Occupational Therapy in Muscle Diseases
ERGOTHERAPY IN MUSCLE DISEASES
What are Muscular Diseases?
Muscle diseases are disorders of the muscles themselves that help the body move. It disrupts the building blocks or the functioning of the muscle cells between the muscle tissues and affects their activities to a great extent. It is a common type of disease that can be seen in individuals of all ages in all stages of life from infancy to childhood, adolescence, adulthood and old age.
What are the Symptoms of Muscular Diseases?
Symptoms of muscle diseases that are quite common and prevent the individual from doing normal activities include:
- Gait disorders, as the muscles in the hips and around it will emerge
- Difficulty getting up and walking
- Children who develop muscle disease at a young age want to be held constantly while walking or climbing stairs.
- During adolescence, falling behind from their peers, changes in walking and movements are observed.
- Difficulty in raising, extending and moving the arms as the vertebra and surrounding muscles will be stuck.
- If hands and feet are affected, tripping and falling while walking (due to the rapid wear of shoes), a situation that cannot perform fine work by hand is observed.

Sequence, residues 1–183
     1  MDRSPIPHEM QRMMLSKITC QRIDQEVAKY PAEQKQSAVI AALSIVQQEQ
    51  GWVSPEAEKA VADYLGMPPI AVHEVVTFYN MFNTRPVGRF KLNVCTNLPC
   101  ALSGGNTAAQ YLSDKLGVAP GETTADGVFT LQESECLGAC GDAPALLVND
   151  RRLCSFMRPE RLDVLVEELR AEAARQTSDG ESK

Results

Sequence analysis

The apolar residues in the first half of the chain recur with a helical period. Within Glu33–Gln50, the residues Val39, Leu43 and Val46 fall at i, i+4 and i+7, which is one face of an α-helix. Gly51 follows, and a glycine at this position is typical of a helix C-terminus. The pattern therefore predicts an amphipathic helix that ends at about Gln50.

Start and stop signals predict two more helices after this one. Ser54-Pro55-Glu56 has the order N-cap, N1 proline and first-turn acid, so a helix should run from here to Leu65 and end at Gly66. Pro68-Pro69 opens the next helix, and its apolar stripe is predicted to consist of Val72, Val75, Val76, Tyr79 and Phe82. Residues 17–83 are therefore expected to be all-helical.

- In rare cases, the eyelids drop gradually, eye movements may be restricted.
- Stiffness in swallowing or respiratory muscles
- Falling frequently, getting tired quickly
- Muscular diseases
Who Has Muscular Diseases?
In addition to the types that cause mild symptoms due to anomaly in the muscles, there are also varieties that cause a severe disability and reduce the life span:
- Muscular Dystrophies (Duchenne, Becker, FasioSkapuloHumeral, Limb-Girdle, Distal, Emery-Dreifuss)
- Congenital Muscular Dystrophies
What are the Goals of Occupational Therapy in Muscular Diseases?
The purpose of rehabilitation approaches in muscle diseases is to increase the quality of life of the child and his/her family and to ensure their independent participation in activities. The purpose of the applications for this is as follows:
- Maintaining muscle strength or delaying loss of strength
- Utilizing appropriate tools, equipment and devices to support, protect, and increase function in different stages of the disease.
- Teaching methods to cope with fatigue
- Teaching joint and energy conservation methods
- Providing independence in daily life activities by increasing functional capacity
- With home rehabilitation, a safer and less energy-consuming living space is provided for the individual.
With preventive rehabilitation approaches, the existing functional capacity is tried to be preserved for a longer period of time.